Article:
|Gerard Gioia, PhD, testifies on concussions before Virginia legislature
February 25, 2010
RICHMOND, VA — Children’s National Medical Center has played a significant role in advancing legislation in the Virginia legislature based on the work of Gerard Gioia, PhD, Chief of Neuropsychology and an internationally recognized expert on youth concussions. The Virginia General Assembly is considering a bill that would implement best practices to protect young athletes from returning to the playing field after incurring a concussion. If passed, Virginia student athletes would receive the same attention and management on and off the field that are now considered standard of care for professional athletes.
SB 652 defines policies and procedures for schools and informal sports leagues in educating parents and young athletes about risks. It also outlines best practices for the care of young athletes who have sustained a concussion. The Virginia Senate passed SB 652 by a unanimous vote on February 15. Dr. Gioia will testify for the bill when it's heard today before the House Committee on Education's Subcommittee on Students and Daycare.
Dr. Gioia's work has demonstrated that young athletes require stringent care around concussions as their still-developing brains are especially vulnerable to long term consequences and re-injury if not given adequate time to heal. His guidelines for his patients include no return to the field of play after an injury, as well as careful management of cognitive activity while the young athlete is recuperating. Those comprehensive guidelines were recently adopted by the International Conference on Concussion in Sports, an international gathering of neurologists and neuropsychologists who have advanced best practices for both adult and youth athletes.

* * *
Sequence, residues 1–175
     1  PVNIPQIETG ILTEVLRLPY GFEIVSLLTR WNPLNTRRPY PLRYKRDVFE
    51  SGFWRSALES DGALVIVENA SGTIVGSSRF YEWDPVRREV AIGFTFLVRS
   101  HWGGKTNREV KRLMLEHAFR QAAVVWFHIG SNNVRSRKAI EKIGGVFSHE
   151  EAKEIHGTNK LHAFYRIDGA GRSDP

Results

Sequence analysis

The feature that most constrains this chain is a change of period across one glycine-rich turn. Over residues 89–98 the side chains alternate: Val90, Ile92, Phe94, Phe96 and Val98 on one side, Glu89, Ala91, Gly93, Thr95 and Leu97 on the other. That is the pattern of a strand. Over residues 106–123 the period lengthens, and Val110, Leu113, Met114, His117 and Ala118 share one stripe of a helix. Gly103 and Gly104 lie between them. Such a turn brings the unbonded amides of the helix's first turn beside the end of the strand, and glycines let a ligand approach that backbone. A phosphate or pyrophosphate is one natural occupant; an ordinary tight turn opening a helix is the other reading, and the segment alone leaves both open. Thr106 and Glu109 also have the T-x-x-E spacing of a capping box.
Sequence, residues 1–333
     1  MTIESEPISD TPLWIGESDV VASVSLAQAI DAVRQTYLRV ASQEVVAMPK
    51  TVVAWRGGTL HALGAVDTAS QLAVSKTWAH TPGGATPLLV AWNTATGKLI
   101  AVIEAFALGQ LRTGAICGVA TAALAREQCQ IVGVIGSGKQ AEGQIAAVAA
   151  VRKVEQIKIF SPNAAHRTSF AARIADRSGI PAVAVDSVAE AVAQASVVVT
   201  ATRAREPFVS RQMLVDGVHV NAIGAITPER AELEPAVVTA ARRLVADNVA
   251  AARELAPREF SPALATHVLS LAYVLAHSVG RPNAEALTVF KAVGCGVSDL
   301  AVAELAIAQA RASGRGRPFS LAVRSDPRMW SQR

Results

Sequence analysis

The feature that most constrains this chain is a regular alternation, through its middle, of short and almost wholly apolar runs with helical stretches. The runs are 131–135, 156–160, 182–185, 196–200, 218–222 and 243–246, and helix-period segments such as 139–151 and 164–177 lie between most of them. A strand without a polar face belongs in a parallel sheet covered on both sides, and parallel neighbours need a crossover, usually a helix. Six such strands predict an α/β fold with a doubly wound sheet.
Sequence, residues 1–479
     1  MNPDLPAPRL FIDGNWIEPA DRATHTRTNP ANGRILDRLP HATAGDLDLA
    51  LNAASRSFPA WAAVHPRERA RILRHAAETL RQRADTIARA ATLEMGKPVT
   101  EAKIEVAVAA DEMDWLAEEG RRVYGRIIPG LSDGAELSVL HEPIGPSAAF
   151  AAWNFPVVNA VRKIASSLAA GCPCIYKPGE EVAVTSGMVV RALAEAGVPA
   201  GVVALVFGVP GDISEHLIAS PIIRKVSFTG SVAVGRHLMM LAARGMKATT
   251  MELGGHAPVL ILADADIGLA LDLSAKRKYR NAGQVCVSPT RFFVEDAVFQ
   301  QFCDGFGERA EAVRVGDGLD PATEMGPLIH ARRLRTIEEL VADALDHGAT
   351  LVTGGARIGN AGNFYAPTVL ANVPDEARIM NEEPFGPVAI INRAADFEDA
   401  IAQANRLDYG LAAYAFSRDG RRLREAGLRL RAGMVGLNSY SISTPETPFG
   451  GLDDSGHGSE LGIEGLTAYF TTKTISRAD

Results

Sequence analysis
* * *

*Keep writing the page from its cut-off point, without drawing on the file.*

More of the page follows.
“This legislation helps parents and schools advocate for young athletes by defining best practices that even professional athletic organizations now embrace,” said Dr. Gioia. “By elevating this to a legislative matter, coaches, teachers, parents, and community physicians, will understand what is expected in the care and management of young athletes.”
“My colleagues and I with Children’s National Medical Center applaud the work of Senator Northam in championing this legislation,” continued Dr. Gioia. “The willingness of our legislators to take on this important work underscores their commitment to the youth of the Commonwealth.”
Contact: Paula Darte or Jennifer Leischer: 202-476-4500.
About Children’s National Medical Center
Children's National Medical Center, located in Washington, DC, is a proven leader in the development of innovative new treatments for childhood illness and injury. Children’s has been serving the nation's children for more than 135 years. Children’s National is ranked among the best pediatric hospitals in America by US News & World Report and the Leapfrog Group. For more information, visit www.childrensnational.org. Children’s Research Institute, the academic arm of Children’s National Medical Center, encompasses the translational, clinical, and community research efforts of the institution. Learn more about our research programs at www.childrensnational.org/research.